Live in Conversation, Chicago 4/25/02
Richard Rorty and Richard Posner
Monday, June 17 2002, 6:12 PM
At the end of April, I attended The Center for Public Intellectuals' debate between Richard Rorty and Richard Posner on the role and status of the public intellectual in American society today.
With these three prunish doyens of public intellectualism perched on stage, it looked like a set for a Viagra ad. At times it appeared both Rorty and Posner had to be awakened in their turns to respond. But enough already with the ad hominems. There are more substantive things to attack them for, such as the fact that none of them moved passed a very general set of claims and definitions.
Stanley Fish was the nominal moderator. Fish, now Dean of the College of Liberal Arts and head of the newly inaugurated Center for Public Intellectuals at the University of Illinois at Chicago, made his splash into the public intellectual pool a few years ago debating Dinesh Dsouza on the topic of affirmative action. Richard Rorty, famous pragmatist philosopher, is now located at Stanford University and frequently contributes articles and book reviews to The Nation, the New York Times, Harper's, and others. Richard Posner, senior lecturer at University of Chicago law school (emphasis on "senior"), originator of the law and economics legal movement, and judge of the U.S. Court of Appeals for the Seventh Circuit, is author of the recent Public Intellectuals:A Study of Decline.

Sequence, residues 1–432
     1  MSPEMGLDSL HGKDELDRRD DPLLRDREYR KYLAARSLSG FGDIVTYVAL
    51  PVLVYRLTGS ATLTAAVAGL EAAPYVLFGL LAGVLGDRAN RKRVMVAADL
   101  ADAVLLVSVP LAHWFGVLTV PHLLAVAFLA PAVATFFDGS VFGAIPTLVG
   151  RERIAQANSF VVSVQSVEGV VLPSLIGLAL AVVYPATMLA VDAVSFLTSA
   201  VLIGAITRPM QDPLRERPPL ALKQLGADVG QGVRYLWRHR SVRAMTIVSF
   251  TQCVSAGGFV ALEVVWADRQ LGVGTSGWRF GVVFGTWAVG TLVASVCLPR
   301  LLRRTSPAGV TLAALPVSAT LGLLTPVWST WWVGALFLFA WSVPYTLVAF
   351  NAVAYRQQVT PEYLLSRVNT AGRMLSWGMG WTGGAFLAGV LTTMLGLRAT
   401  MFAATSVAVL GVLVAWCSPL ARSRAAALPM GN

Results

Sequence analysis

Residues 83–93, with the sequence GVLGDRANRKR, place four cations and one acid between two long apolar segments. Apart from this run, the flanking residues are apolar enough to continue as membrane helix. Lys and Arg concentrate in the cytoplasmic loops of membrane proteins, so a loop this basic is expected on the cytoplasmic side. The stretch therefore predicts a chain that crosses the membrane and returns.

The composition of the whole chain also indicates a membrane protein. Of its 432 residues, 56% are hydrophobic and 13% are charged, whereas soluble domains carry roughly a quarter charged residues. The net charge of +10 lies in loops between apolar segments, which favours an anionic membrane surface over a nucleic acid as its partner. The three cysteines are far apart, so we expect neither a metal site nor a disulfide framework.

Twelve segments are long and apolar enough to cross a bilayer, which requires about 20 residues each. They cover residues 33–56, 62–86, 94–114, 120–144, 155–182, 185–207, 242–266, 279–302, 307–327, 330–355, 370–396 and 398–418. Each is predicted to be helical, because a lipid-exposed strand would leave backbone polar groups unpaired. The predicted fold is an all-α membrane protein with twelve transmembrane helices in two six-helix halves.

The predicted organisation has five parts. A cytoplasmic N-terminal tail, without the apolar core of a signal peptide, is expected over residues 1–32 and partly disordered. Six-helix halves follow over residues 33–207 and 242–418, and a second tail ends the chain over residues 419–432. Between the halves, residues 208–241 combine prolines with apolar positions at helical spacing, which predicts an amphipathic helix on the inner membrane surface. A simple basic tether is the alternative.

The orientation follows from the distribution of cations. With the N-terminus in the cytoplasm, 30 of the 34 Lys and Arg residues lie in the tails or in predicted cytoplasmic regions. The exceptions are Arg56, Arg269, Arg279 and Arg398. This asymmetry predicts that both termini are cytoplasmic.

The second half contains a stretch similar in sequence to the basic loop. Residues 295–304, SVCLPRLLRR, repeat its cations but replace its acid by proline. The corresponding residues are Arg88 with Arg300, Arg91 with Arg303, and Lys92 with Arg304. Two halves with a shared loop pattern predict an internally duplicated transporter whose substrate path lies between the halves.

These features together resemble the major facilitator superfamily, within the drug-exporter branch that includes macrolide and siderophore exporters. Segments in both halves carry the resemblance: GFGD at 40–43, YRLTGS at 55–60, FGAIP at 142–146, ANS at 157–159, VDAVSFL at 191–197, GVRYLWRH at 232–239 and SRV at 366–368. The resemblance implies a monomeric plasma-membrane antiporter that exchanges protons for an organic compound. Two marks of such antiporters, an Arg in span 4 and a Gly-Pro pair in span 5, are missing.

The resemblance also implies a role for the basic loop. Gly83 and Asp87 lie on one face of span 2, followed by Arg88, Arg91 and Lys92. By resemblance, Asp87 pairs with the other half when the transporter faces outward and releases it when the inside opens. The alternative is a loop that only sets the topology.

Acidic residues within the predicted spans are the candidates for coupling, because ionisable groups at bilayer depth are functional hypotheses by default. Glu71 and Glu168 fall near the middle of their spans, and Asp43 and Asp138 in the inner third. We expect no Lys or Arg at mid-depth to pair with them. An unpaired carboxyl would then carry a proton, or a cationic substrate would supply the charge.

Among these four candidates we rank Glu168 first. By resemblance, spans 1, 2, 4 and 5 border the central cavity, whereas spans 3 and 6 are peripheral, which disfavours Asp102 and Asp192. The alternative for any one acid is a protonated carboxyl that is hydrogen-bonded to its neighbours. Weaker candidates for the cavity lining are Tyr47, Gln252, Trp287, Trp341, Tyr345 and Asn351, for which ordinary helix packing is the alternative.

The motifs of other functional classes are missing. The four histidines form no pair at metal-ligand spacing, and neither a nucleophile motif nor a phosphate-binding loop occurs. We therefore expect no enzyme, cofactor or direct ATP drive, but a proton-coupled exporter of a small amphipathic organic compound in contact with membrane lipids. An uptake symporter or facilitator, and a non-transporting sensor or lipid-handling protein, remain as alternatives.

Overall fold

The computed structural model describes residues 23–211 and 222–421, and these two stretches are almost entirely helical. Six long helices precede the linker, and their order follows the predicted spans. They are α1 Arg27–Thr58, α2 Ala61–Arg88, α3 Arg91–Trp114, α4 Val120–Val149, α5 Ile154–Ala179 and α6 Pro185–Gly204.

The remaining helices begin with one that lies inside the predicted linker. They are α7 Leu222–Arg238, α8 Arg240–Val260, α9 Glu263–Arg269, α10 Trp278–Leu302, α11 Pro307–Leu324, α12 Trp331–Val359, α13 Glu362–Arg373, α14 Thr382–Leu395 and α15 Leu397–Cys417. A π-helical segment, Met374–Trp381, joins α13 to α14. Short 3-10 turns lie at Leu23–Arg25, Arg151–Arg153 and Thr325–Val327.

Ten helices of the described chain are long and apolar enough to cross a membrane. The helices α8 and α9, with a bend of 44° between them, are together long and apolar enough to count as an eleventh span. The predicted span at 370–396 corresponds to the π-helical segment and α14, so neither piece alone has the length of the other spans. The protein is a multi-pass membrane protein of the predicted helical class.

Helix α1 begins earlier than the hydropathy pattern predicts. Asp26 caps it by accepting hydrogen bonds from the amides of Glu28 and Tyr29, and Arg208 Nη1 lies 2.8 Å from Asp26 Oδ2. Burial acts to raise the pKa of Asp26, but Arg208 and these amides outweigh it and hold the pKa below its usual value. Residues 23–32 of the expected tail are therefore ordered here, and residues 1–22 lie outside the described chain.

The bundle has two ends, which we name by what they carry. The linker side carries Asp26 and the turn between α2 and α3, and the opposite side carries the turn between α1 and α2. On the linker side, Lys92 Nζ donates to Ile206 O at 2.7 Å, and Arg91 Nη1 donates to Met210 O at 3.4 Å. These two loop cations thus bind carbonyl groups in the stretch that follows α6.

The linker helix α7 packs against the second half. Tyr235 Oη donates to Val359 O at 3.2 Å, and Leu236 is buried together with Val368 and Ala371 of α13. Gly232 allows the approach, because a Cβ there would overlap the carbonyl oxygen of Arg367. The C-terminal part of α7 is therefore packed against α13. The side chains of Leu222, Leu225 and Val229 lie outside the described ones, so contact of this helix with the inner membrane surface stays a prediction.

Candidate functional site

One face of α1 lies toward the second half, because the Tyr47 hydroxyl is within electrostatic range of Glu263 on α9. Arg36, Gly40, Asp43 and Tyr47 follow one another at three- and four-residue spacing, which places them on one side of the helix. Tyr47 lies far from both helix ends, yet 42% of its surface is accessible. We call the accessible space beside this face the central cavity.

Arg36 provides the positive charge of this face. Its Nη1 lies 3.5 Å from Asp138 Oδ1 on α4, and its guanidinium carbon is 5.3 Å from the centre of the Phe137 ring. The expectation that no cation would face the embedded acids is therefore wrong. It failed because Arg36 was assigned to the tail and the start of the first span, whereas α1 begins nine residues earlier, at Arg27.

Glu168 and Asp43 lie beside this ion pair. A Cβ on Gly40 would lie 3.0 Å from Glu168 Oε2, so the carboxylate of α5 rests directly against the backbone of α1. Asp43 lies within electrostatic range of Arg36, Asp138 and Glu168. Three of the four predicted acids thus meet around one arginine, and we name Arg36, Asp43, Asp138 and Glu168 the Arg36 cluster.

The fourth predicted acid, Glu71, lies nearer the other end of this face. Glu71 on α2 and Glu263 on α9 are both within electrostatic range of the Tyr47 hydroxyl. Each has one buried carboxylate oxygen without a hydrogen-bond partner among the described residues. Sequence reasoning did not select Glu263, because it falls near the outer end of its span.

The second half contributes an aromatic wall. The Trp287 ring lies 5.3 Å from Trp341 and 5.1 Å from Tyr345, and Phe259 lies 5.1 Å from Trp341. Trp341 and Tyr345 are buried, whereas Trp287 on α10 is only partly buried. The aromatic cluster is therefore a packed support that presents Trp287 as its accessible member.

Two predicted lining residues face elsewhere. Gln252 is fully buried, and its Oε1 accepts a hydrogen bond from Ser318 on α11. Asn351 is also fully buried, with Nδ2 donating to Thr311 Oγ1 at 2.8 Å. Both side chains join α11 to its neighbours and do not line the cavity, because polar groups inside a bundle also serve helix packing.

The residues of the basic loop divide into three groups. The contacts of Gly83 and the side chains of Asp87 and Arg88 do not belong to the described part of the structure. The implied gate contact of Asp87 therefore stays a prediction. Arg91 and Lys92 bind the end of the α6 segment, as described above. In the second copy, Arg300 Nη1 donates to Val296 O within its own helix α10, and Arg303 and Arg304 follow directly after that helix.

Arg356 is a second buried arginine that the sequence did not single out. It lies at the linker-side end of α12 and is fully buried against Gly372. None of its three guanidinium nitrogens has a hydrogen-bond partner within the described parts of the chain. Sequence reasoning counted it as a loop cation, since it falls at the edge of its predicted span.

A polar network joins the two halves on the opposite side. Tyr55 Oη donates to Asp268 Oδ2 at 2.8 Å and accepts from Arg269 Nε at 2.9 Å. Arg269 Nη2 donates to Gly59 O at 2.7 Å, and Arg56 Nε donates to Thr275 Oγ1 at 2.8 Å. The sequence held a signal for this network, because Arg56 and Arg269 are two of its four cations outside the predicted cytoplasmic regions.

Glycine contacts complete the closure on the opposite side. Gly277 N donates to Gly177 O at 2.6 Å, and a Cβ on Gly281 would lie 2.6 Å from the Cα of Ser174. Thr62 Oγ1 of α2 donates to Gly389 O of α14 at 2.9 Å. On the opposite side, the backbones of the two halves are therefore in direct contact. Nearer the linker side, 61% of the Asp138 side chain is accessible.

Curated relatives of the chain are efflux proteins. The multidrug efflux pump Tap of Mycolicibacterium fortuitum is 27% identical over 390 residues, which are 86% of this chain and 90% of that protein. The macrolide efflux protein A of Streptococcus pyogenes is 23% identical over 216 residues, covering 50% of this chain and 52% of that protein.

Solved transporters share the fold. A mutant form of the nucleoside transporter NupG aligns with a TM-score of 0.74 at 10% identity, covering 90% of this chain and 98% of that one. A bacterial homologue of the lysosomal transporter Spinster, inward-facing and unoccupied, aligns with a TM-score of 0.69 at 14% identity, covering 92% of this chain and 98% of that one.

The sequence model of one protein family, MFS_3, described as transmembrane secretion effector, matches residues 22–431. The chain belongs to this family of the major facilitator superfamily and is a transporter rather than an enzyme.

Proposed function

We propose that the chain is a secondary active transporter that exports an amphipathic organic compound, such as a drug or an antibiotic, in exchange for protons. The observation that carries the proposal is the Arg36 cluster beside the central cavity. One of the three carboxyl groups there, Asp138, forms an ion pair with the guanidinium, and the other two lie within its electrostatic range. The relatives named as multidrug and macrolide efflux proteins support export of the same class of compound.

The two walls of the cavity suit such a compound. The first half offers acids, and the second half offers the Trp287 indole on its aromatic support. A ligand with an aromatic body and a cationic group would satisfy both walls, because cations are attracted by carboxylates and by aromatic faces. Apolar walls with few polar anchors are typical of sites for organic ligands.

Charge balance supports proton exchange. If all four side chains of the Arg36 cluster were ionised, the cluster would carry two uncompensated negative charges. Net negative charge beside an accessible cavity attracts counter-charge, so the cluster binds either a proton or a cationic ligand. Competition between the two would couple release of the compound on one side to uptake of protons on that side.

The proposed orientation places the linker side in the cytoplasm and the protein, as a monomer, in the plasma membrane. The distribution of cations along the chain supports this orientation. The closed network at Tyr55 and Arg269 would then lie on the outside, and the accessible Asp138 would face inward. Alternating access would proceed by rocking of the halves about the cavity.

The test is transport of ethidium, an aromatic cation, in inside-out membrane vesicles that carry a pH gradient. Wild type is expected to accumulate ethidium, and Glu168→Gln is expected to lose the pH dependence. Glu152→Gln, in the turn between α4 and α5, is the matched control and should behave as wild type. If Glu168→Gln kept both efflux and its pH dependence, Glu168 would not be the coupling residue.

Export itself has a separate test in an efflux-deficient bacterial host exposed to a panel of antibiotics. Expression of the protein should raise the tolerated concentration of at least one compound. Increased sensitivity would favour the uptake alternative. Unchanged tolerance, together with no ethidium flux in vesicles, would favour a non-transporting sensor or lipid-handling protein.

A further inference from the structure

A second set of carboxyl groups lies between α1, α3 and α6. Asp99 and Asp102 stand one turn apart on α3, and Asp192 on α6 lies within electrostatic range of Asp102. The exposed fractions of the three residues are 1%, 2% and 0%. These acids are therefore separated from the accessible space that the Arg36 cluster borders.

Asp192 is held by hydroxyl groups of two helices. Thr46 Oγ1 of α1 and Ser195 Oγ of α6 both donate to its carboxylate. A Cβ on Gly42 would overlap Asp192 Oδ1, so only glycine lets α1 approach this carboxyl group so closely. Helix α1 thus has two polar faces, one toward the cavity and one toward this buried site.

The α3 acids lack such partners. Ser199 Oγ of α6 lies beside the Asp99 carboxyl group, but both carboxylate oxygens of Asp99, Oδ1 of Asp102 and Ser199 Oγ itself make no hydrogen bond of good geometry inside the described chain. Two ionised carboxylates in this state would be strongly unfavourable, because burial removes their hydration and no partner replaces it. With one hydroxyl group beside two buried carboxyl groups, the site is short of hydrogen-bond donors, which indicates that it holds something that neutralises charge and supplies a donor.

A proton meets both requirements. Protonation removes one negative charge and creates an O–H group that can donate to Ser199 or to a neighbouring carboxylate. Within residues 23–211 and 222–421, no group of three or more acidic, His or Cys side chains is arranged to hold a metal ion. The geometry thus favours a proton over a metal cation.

Moderator Stanley Fish ended the debate by claiming that Rorty and Posner had demonstrated one of the key aspects of the public intellectual (common to the many competing definitions of the term)--accessibility. But after listening to them talk past each other and in great generality for an hour and a half, I wondered what kind of a virtue accessibility was at the cost of substance. I recalled that the Gore-Bush debates were also supposedly accessible. Is it really a zero sum game?
It's not as if the topic didn't have potential. We live in a country whose education system has largely evacuated the vision of participatory democracy (in favor of global economy-friendly vocational skills and global economy friendly raw unskilled bodies), an evacuation which has the effect of alienating people from the political process and their sense of their own citizenship. The real question I would like to have seen debated was how public intellectualism related to this historical problem, where we continue to have rhetorical commitments to democracy, freedom, and public participation but no infrastructure for the dream in practice.
What both of these Fish-appointed public intellectuals had in common in the "debate" was the readiness to discuss public intellectualism within the parameters of technocracy. Posner defined public intellectuals as using ideas from their academic expertise which are pertinent to public affairs and, necessarily he emphasized, wanting to reach the public with those ideas. Rorty simply defined the public intellectual as someone who attracts publicity by publishing a book on some topic (presumably academic) and then using that publicity to "sound off on issues of public concern."
Posner has a very disarming style of speech, a sort of calm, cool, knuckle sandwich with a smile that so many of us strive for unsuccesfully without the assistance of medication (Bob Novak springs to mind). Rorty, red-faced but also calm, spoke in a kind of slow lilt, whose efficaciousness seems to rest on how much you enjoyed listening to Thurston Howell III talk on Gilligan's Island.